July 8, 2015

In a win for Internet trolls and teenage cybercriminals everywhere, a Finnish court has decided not to incarcerate a 17-year-old found guilty of more than 50,000 cybercrimes, including data breaches, payment fraud, operating a huge botnet and calling in bomb threats, among other violations.

Julius "Ryan" Kivimaki.

Julius “Ryan” Kivimaki.

As the Finnish daily Helsingin Sanomat reports, Julius Kivimäki — a.k.a. “Ryan” and “Zeekill” — was given a two-year suspended sentence and ordered to forfeit EUR 6,558.

Kivimaki vaulted into the media spotlight late last year when he claimed affiliation with the Lizard Squad, a group of young hooligans who knocked offline the gaming networks of Microsoft and Sony for most of Christmas Day.

According to the BBC, evidence presented at Kivimaki’s trial showed that he compromised more than 50,000 computer servers by exploiting vulnerabilities in Adobe’s Cold Fusion web application software. Prosecutors also said Kivimaki used stolen credit cards to buy luxury goods and shop vouchers, and participated in a money laundering scheme that he used to fund a trip to Mexico.

Kivimaki allegedly also was involved in calling in multiple fake bomb threats and “swatting” incident — reporting fake hostage situations at an address to prompt a heavily armed police response to that location. DailyDot quotes Blair Strater, a victim of Kivimaki’s swatting and harassment, who expressed disgust at the Finnish ruling.

Speaking with KrebsOnSecurity, Strater called Kivimaki “a dangerous sociopath” who belongs behind bars.

Although it did not factor into his trial, sources close to the Lizard Squad investigation say Kivimaki also was responsible for making an August 2014 bomb threat against former Sony Online Entertainment President John Smedley that grounded an American Airlines plane. That incident was widely reported to have started with a tweet from the Lizard Squad, but Smedley and others say it started with a call from Kivimaki.

In a phone interview, Smedley said he was disappointed that the judicial system in Finland didn’t do more.

“I personally got to listen to a recording of him calling in to American Airlines, and I know it was him because I talked to him myself,” Smedley said. “He’s done all kinds of bad stuff to me, including putting all of my information out on the Internet. He even attempted to use my credit numerous times. The harassment literally just did not stop.”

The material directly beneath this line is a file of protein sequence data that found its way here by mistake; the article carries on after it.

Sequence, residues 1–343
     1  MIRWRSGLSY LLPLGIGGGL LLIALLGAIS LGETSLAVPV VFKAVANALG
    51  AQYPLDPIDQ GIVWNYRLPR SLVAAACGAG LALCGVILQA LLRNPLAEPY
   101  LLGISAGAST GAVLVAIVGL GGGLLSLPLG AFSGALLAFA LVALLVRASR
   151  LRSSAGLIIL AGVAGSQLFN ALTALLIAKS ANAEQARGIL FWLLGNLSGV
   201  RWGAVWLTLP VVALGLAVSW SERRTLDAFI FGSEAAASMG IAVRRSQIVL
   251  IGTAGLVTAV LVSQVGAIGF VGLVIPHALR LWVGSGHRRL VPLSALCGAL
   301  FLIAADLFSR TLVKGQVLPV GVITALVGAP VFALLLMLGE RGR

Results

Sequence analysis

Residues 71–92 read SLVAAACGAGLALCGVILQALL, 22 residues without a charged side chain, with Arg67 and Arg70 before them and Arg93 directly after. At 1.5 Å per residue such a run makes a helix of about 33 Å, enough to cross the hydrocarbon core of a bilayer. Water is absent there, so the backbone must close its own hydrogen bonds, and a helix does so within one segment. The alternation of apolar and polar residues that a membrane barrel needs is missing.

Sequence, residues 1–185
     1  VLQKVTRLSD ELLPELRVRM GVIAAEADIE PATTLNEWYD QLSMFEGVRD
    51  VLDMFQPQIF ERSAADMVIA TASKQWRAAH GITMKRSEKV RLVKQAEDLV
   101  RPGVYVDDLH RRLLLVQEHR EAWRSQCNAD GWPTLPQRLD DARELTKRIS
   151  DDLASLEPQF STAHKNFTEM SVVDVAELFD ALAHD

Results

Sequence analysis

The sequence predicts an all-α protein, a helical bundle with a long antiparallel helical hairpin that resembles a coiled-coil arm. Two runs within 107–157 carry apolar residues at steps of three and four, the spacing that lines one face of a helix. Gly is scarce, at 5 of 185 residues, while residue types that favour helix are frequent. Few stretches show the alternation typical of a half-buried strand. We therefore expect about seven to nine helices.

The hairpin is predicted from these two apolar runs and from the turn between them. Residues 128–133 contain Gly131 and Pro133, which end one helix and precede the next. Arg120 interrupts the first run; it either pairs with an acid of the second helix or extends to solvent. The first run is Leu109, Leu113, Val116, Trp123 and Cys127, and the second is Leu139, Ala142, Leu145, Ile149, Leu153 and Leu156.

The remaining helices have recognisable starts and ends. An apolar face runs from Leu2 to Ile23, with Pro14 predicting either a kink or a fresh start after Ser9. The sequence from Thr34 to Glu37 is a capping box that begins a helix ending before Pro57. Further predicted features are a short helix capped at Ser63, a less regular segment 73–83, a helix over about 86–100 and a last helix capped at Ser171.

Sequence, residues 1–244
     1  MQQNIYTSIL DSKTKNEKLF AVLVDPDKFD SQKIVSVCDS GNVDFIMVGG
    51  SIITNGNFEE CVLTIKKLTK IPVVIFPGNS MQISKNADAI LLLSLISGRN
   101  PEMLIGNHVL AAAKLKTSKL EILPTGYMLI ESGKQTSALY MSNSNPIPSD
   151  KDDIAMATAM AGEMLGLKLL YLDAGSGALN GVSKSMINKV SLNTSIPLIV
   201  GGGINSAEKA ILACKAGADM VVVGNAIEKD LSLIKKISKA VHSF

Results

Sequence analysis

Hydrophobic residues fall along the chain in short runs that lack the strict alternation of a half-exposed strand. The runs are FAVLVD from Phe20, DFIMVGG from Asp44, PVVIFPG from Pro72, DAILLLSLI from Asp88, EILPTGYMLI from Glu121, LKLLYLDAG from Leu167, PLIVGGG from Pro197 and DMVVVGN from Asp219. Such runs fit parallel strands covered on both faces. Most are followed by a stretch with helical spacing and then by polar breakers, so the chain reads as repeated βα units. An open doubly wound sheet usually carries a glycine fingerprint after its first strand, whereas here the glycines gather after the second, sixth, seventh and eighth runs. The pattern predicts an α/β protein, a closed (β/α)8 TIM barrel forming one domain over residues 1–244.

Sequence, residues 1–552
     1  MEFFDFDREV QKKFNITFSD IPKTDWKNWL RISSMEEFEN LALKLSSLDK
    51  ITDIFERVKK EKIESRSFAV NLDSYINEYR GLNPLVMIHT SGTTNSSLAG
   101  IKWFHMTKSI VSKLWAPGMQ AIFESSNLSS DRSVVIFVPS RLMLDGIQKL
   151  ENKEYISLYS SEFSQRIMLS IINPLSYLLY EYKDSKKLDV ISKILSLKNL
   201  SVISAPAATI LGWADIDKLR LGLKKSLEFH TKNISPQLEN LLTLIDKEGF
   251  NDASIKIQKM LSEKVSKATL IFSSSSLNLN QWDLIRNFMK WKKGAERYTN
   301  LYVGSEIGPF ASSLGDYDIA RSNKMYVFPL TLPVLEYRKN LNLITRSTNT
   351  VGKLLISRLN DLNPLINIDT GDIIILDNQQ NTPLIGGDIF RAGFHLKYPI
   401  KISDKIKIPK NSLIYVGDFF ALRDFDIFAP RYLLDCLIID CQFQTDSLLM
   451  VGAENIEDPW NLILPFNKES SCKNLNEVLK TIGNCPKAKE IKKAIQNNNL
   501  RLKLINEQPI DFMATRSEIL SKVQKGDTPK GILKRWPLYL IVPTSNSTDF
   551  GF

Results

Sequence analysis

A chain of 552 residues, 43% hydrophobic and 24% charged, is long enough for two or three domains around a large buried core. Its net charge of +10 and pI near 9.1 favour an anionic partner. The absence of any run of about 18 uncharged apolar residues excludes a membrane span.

In an online interview with KrebsOnSecurity, Kivimaki denied involvement with the American Airlines incident, and said he was not surprised by the leniency shown by the court in his trial.

“During the trial it became apparent that nobody suffered significant (if any) damages because of the alleged hacks,” he said.

The danger in a decision such as this is that it emboldens young malicious hackers by reinforcing the already popular notion that there are no consequences for cybercrimes committed by individuals under the age of 18.

Case in point: Kivimaki is now crowing about the sentence; He’s changed the description on his Twitter profile to “Untouchable hacker god.” The Twitter account for the Lizard Squad tweeted the news of Kivimaki’s non-sentencing triumphantly: “All the people that said we would rot in prison don’t want to comprehend what we’ve been saying since the beginning, we have free passes.”

It is clear that the Finnish legal system, like that of the United States, simply does not know what to do with minors who are guilty of severe cybercrimes.  The FBI has for several years now been investigating several of Kivimaki’s contemporaries, young men under the age of 18 who are responsible for a similarly long list of cybercrimes — including credit card fraud, massively compromising a long list of Web sites and organizations running Cold Fusion software, as well as swatting my home in March 2013. Sadly, to this day those individuals also remain free and relatively untouched by the federal system.

Lance James, former head of cyber intelligence for Deloitte and a security researcher who’s followed the case closely, said he was disappointed at the court’s decision given the gravity and extensiveness of the crimes.

“We’re talking about the Internet equivalent of violent crimes and assault,” James said. “This is serious stuff.”

Kivimaki said he doesn’t agree with the characterization of swatting as a violent crime.

“I don’t see how a reasonable person could possibly compare cybercrime with violent crimes,” he said. “There’s a pretty clear distinction here. As far as I’m aware nobody has ever died in such an incident. Nor have I heard of anyone suffering bodily injury.”

As serious as Kivimaki’s crimes may be, kids like him need to be monitored, mentored, and molded — not jailed, says James.